Problems with lighting and colors

gqmartins
gqmartins Website User Posts: 9 Just Starting Out*
edited January 31 in Practical Filmmaking

Hello there,

I'm doing videos for my YouTube channel about cooking. I already finished one but had a hard time masking because lighting and colors kept changing, specially on the cutting board. Right now I'm only using natural light from a window in my kitchen, but I would like to buy some lighting equipment in order to make the video editing less of a pain. Do you have any recommendations on which equipment to purchase, or ways to deal with this?

I'll attach images to show the setup, and the difference in color. The window is in front of me.

Thanks in advance for all the help!


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Comments

  • triforcefx
    triforcefx United StatesModerator, Website User Posts: 1,269 Moderator

    @gqmartins It sounds to me like it’s your camera that’s giving you the majority of the issues. You mentioned that the colors and lighting in the video are always changing? Even though this can be partially caused by your window light source (especially on a partly cloudy day), it often has to do with your camera using it’s automatic settings. Even though using manual settings initially takes more time, it actually saves you way more time in editing.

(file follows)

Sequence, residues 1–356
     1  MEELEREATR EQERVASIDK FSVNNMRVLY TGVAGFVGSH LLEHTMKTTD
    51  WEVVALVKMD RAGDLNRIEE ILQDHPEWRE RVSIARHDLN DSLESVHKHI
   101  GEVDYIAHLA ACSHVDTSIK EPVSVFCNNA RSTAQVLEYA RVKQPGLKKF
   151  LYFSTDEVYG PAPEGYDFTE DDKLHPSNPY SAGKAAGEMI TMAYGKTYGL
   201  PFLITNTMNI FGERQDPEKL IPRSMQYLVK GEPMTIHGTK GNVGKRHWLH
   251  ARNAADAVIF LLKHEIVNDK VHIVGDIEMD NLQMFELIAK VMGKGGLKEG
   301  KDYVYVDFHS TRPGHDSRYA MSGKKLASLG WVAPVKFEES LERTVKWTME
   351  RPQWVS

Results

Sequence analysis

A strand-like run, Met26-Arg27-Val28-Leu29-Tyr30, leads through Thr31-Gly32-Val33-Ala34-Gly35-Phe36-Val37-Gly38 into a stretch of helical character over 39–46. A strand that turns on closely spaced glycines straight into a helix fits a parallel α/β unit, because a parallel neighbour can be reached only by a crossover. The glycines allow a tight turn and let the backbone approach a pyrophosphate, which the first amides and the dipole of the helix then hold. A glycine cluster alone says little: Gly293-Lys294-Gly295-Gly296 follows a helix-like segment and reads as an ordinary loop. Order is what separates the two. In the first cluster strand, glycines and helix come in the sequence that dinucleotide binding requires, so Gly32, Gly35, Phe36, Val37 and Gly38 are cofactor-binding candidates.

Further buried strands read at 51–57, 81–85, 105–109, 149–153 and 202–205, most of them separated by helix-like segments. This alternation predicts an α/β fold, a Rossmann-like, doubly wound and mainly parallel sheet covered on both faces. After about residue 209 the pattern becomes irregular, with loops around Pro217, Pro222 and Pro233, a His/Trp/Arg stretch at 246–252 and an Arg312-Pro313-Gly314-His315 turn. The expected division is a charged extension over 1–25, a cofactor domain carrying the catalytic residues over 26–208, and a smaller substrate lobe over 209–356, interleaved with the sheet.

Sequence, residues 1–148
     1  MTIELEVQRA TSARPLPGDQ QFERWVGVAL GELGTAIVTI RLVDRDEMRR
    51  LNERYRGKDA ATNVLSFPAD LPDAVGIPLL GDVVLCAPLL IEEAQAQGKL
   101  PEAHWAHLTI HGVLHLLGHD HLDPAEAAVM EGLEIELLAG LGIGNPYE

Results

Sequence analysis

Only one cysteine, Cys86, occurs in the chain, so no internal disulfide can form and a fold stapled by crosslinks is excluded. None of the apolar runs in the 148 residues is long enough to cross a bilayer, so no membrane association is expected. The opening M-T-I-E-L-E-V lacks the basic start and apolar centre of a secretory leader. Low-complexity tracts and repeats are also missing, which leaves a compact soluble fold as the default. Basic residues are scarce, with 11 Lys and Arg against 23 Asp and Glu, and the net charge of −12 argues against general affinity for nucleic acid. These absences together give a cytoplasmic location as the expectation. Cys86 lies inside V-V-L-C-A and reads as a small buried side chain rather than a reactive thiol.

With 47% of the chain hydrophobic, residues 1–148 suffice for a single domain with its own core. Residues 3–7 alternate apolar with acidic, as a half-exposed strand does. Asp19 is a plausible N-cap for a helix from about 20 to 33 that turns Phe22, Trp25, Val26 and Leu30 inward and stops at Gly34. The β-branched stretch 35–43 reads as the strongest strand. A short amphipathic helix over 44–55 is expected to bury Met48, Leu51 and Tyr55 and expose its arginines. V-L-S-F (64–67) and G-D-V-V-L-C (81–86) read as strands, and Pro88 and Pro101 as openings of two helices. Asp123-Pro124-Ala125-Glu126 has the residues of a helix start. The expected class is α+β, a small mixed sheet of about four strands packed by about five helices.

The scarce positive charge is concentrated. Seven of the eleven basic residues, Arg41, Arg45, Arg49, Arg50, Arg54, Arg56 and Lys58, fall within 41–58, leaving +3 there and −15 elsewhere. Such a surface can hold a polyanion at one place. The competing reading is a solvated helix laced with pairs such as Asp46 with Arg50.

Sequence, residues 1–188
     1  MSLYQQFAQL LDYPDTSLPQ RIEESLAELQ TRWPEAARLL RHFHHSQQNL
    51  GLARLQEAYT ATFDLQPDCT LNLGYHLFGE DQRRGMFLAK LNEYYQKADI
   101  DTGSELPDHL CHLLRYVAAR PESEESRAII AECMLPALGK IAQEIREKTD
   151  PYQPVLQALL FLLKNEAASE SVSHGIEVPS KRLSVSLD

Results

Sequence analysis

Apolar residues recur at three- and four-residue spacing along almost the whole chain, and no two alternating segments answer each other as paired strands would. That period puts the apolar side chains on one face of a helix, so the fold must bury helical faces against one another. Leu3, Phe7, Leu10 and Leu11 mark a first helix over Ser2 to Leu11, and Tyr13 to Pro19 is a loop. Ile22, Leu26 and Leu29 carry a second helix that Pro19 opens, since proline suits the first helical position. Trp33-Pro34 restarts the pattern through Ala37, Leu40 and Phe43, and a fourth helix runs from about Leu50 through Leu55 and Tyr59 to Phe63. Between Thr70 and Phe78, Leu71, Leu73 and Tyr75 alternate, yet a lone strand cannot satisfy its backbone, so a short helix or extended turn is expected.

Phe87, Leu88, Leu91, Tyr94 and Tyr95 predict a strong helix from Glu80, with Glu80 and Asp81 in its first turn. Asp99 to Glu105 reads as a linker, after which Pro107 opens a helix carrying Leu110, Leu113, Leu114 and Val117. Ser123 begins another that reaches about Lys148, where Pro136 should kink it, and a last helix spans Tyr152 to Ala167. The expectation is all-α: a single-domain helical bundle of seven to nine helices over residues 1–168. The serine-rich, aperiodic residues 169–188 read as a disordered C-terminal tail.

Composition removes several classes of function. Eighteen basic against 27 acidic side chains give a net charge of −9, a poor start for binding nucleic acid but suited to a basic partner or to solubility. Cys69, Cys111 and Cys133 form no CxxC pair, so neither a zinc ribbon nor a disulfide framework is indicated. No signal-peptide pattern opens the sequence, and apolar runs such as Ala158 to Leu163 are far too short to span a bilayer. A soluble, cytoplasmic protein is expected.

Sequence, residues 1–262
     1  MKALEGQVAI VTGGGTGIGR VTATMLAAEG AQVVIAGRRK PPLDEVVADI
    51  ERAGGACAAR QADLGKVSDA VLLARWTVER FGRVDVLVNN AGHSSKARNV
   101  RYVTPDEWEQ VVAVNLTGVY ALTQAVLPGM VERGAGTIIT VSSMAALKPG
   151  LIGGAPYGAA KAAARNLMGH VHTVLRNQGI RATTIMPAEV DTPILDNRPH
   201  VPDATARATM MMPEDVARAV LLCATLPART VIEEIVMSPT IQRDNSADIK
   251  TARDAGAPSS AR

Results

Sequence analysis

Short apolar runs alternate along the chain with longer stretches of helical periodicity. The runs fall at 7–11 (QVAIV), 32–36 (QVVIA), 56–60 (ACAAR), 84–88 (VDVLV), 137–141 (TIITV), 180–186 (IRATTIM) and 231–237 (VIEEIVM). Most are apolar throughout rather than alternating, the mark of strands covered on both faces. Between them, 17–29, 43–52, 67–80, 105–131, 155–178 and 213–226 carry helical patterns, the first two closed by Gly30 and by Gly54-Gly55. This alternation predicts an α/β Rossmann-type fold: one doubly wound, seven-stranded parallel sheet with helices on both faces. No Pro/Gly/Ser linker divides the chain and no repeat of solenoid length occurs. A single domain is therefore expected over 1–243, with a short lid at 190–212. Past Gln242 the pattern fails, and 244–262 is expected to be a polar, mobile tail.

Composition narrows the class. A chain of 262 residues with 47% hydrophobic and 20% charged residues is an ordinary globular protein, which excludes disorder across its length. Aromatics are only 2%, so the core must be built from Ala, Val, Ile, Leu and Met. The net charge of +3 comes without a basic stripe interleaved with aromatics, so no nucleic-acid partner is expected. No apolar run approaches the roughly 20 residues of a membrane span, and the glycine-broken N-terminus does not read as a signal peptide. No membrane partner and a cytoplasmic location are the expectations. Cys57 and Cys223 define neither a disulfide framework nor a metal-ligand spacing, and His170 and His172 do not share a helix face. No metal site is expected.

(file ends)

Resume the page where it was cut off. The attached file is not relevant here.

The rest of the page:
Look up a guide on how to use the manual settings on your camera. If you’re using a phone, there’s options you can use in the default camera app, but it may be beneficial to get an app that can give you even more control (Filmic Pro is a good investment if you’re on iPhone).

    Once you nail down the manual settings, you’ll usually only need to use color correction for basic changes, and you can use color grading for that extra pop.


    While setting your camera manually makes a huge difference, lights can also help. You don’t have to get fancy, even a $10 lamp from Walmart can go a long way. Just remember to get bulbs that use the same color temperature. For your videos (just based on what I’m seeing) I’d recommend something between 4000K or 5000K (cool white or daylight). Once you’ve gotten more light, consider covering the window so that you’re not at the mercy of the sun and clouds.

  • gqmartins
    gqmartins Website User Posts: 9 Just Starting Out*

    @triforcefx Never thought it could be the camera, but now that you mention it makes total sense! Thanks for the tips!

  • Triem23
    Triem23 Moderator Moderator, Website User, Ambassador, Imerge Beta Tester, HitFilm Beta Tester Posts: 19,928 Ambassador

    Getting the camera locked on a manual white balance setting will take care of MOST of the problem. As the sun moves across the sky color temperature WILL change, but a lot less than your two images.

    Do you have a budget? There are so many lighting options available, knowing your budget will help make recommendations.

    I do suggest taking a look on YouTube for "DIY video lights" and "Film Riot DIY lighting." Whatever lights you use the important things are that the lights themselves match in color temp. You could use a couple of scoop lights with tissue paper taped on the front as long as the bulbs you put in match.